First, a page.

Support  of the PRO Act and other pro-labor legislation is important. Abolishing Right to Work, shop floor worker intimidation, and supporting dues checkoff are important. Also we should consider what it means to be working class in the 21st century  (professors, graduate students, gig workers. health care providers, virtually anyone who works for a wage).
Bessemer Amazon Union Vote: We Learn as We Struggle!
In spite of the vote count, important developments have resulted from the Bessemer Amazon workers’ campaign. We applaud the Alabama Amazon workers who took on the world’s second largest corporation drawing thousands of activists into a long-over-due workers’ rights movement. Elected officials, clergy and leaders from major unions have expressed their support. Organizing labor in the South has once again become a national and international mantra.

Solidarity committees were formed in cities across the US, and workers in the South have registered for a Southern Workers Assembly School to learn how to begin organizing in Amazon and other major industries and sectors. Inspired by the courage of the Bessemer workers, these solidarity committees seek to unite workers, community and progressive forces into local worker assemblies. 

Multi-Workplace Strategies are Needed Against Major Corporations
The Bessemer Amazon campaign points out the difficulties in trying to organize in a single workplace location of a major corporation. Amazon directed billions of dollars at defeating the Bessemer campaign by intimidating and making the Amazon workers and communities around Bessemer feel small and overwhelmed. From the early tactic of paying workers $2,000 to quit while promising to not challenge their unemployment claims, to the many thousands paid to union busters and more, the company was determined to maintain some of the most inhumane working conditions existing today. In the face of that, the struggle by the Bessemer workers against this corporate giant was a real act of courage – for themselves, for all Amazon workers, and for the Southern working-class.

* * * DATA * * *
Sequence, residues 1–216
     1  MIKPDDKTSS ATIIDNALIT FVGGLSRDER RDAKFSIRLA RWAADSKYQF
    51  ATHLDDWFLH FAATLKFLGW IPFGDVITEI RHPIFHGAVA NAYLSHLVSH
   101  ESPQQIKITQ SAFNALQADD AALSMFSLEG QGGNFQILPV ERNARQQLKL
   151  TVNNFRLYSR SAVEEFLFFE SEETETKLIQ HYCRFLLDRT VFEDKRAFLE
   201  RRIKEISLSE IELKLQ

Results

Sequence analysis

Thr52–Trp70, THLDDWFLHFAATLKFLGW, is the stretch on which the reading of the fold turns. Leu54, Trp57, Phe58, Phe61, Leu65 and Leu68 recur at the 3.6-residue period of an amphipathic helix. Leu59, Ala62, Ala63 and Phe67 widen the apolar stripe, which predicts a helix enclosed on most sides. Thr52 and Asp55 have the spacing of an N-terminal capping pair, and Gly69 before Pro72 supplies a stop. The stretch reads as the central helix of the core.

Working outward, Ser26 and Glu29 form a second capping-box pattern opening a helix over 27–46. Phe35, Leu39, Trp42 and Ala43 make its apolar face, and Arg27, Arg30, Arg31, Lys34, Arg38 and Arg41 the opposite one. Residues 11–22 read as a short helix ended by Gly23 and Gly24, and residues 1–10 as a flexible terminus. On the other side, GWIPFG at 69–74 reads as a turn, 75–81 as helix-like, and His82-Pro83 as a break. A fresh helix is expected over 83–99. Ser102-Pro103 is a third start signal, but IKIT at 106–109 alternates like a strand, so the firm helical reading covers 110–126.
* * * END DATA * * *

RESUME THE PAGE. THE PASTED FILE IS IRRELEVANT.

Many Worker Committees in Many Locations Acting in Coordination
The US Southern, national and international labor movement and working-class has an obligation to advance the working-class struggle begun by this campaign This will require a dedication to workplace-based organization and a commitment to take coordinated collective action to redress the worst of Amazon’s inhumane working condition. There needs to be a national discussion about the Bessemer Amazon union campaign providing the workers a platform to talk about their experiences. This discussion will be part of the work of the SWA Southern Workers School in the future.